Seems like wherever I turn, there's another book, article, or column by a Republican aghast at how things have turned out. A few weeks ago William F. Buckley joined the chorus of conservative voices declaring the U.S. invasion of Iraq a failure. On Tuesday I read an interview with Francis Fukuyama, a neo-Con defector who essentially says that regardless whether the priniciples behind a neo-Con approach to foreign policy are sound, this administration has been clueless in applying those principles. Today Kevin Phillips, one of the architects of the GOP's rise to power, expresses alarm with the party's reliance on oil, debt, and most of all, religion. His concern rests not just with the GOP, but where he believes the party is taking the country, i.e., irreversible decline. He also believes that the religious wing of the party has no worries about such matters, as they're gearing for Armageddon.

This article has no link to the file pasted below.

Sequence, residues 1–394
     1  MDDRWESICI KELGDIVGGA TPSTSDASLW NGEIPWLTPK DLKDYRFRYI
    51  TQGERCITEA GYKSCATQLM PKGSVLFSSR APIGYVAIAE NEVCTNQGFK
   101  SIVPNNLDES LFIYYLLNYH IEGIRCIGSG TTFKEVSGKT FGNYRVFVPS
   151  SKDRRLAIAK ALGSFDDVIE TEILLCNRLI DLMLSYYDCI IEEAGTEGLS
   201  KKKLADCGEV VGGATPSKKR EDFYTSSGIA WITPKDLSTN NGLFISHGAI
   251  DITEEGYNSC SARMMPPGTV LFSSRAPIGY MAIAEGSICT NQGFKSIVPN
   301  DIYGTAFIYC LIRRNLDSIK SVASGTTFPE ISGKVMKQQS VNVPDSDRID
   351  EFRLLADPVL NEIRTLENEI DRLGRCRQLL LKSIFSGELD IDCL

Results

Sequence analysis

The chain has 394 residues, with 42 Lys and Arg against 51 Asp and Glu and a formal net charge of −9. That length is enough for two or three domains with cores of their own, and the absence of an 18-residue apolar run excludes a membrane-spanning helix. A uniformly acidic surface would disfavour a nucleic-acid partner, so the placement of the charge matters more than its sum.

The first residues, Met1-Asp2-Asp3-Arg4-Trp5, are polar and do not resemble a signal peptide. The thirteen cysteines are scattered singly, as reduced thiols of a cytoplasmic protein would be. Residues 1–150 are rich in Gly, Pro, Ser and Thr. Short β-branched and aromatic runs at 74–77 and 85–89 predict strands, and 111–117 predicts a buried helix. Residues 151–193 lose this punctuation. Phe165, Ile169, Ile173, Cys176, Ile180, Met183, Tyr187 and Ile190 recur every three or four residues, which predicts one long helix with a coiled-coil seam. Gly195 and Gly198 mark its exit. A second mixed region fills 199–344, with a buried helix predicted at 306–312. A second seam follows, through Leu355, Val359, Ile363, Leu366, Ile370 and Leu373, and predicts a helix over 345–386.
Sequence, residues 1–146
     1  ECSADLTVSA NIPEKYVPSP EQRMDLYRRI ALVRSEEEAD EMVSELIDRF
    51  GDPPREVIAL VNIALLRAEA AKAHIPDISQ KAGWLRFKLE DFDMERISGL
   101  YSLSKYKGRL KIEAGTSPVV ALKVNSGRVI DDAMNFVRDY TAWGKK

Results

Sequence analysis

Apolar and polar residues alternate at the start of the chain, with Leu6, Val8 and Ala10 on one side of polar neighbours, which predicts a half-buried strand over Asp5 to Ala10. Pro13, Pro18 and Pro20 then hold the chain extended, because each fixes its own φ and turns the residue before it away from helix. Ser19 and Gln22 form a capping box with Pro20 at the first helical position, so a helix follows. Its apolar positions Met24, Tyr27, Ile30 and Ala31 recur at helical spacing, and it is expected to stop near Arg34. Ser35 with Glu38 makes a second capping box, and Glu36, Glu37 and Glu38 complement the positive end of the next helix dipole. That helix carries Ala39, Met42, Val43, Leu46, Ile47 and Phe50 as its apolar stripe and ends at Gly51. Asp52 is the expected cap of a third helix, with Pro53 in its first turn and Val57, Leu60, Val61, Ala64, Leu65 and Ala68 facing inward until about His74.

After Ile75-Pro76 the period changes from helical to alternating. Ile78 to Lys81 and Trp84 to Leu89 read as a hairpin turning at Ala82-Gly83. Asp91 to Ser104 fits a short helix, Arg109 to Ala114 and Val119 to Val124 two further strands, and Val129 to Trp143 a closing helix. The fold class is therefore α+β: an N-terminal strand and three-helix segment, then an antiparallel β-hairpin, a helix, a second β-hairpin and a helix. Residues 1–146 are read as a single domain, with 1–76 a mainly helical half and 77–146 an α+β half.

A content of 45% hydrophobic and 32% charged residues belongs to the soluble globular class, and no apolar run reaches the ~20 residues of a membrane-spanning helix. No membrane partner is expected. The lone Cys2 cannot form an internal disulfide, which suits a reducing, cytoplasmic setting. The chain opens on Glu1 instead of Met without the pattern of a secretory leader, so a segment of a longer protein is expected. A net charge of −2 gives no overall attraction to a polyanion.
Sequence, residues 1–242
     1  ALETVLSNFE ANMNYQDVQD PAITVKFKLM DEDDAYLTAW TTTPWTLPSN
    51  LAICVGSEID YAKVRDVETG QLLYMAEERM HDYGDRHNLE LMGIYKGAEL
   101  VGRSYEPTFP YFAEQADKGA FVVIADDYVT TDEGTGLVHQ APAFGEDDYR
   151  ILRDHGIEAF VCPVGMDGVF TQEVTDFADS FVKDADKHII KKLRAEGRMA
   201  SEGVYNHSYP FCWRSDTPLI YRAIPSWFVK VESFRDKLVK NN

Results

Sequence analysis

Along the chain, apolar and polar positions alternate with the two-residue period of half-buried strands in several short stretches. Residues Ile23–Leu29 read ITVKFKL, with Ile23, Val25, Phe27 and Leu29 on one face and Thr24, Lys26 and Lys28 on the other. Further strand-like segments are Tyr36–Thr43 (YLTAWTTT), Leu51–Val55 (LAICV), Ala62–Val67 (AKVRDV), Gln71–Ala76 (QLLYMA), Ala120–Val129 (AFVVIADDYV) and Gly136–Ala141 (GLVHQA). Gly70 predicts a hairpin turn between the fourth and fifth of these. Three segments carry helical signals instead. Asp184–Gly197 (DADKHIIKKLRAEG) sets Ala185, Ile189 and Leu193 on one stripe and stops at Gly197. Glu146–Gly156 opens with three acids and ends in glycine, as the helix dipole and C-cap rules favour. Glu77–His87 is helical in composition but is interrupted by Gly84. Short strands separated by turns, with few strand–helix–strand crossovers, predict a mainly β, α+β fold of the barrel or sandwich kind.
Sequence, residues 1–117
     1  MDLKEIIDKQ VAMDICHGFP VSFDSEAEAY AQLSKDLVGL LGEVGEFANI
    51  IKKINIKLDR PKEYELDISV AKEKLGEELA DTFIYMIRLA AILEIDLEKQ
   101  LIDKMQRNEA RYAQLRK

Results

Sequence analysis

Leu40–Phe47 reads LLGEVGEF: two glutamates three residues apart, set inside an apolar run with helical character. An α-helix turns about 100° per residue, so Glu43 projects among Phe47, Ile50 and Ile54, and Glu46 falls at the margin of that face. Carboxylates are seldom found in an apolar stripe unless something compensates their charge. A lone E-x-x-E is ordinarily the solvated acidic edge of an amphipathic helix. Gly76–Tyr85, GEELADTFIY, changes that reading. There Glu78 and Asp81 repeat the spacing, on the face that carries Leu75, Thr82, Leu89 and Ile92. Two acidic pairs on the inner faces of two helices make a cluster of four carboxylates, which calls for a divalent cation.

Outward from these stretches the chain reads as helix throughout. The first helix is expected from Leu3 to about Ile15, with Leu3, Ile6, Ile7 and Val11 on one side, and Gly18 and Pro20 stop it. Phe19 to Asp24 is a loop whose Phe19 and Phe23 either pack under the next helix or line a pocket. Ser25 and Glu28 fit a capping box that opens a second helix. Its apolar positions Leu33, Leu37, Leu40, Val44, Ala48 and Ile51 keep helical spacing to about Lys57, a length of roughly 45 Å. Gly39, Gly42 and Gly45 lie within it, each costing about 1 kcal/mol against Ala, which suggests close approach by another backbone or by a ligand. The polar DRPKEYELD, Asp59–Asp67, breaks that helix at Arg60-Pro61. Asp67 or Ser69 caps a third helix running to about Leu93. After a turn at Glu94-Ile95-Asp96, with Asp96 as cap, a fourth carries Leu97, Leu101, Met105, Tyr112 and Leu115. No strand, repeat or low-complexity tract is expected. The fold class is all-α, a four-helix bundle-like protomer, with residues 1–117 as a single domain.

And yet, I wonder whether these dissenting voices will do a lick of good. Will the Democrats narrow the gap in the mid-term elections, or possibly gain control of either the House or Senate? What does it say when the Dems have become the party of fiscal responsibility, and still the odds are against them retaking Congress? Fukuyama states that he voted for Kerry in the last election. Will 2008 bring a different type of Republican presidential candidate to the fore, and if not, what will it take to convince Bush supporters to follow a new path?
Verily, we live in scary times.